IMEC obtains record conversion efficiency of 24.7% for GaAs solar cells on Ge substrate

February 25th, 2008 in Technology / Semiconductors
IMEC obtains record conversion efficiency of 24.7% for GaAs solar cells on Ge substrate
Performance characterization of IMEC’s GaAs cell, measured by NREL.


Performance characterization of IMEC’s GaAs cell, measured by NREL.

IMEC has realized a single-junction GaAs solar cell on a Ge substrate with a record conversion efficiency of 24.7%. The efficiency was measured and confirmed by NREL (National Renewable Energy Laboratory, US). GaAs solar cells are used in satellite solar panels and earth-based solar concentrators.

IMEC realized this record on a single-junction GaAs cell, grown epitaxially on a Ge substrate with an improved micro-defect distribution.

The record cell measures 0.25cm², and shows an efficiency of 24.7%, with an open-circuit voltage (Voc) of 999 mV, a short-circuit current (Jsc) of 29.7 mA/cm², and a fill factor of 83.2%. The cell was made under the ESA-IMAGER project. Umicore, a leading materials technology group, produced the Ge substrate through an optimized manufacturing technology, aimed at improving the intrinsic germanium crystal quality.

Improving the efficiency of this single-junction GaAs cell is a further step in the development of a hybrid monolithic/mechanically stacked triple-junction solar cell. This type of solar cells consists of stacks of solar cells made of different semiconductors, carefully chosen to absorb the solar spectrum as efficiently as possible.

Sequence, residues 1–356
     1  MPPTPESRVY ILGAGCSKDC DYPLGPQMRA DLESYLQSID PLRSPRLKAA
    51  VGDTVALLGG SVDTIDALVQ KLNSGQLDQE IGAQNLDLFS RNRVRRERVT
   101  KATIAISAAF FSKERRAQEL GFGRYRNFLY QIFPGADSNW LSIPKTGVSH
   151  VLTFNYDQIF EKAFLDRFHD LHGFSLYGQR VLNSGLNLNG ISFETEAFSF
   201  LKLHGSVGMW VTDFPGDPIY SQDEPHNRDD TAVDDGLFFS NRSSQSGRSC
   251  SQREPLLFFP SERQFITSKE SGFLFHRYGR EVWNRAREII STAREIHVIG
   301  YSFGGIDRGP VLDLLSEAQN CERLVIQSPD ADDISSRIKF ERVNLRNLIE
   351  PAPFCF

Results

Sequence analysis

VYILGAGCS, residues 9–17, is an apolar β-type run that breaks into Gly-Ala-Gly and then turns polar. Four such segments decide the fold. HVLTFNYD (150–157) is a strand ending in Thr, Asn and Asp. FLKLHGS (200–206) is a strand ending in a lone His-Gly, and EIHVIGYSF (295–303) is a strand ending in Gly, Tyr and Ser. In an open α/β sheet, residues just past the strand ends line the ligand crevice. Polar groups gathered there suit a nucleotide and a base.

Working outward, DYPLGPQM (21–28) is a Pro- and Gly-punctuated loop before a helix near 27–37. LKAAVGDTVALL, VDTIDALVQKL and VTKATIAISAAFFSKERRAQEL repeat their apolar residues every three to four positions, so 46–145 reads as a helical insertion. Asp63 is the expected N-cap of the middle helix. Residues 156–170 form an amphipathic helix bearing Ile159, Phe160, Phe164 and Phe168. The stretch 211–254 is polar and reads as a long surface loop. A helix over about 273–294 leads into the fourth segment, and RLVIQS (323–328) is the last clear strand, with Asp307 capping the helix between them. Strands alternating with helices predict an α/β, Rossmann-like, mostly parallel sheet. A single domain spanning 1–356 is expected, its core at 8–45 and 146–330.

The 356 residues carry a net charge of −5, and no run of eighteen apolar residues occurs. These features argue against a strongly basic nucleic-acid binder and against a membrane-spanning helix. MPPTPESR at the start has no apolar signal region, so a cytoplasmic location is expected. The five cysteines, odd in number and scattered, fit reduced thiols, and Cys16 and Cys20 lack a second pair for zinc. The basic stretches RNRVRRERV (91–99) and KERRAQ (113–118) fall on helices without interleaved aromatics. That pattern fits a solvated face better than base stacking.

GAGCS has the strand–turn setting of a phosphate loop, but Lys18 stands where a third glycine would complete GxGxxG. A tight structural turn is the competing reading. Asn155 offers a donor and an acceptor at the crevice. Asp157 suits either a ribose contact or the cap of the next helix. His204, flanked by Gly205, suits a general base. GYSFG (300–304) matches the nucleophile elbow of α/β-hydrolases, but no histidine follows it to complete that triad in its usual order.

Among the many possible combinations, IMEC focuses on stacked cells consisting of top cells with III-V materials and bottom cells made from Ge. With this combination, IMEC is targeting a conversion efficiency of 35% and more. The resulting stacks can be used in satellites and earth-based concentrators, where high-efficiency energy conversion is paramount.

Source: IMEC

"IMEC obtains record conversion efficiency of 24.7% for GaAs solar cells on Ge substrate." February 25th, 2008. http://phys.org/news123176259.html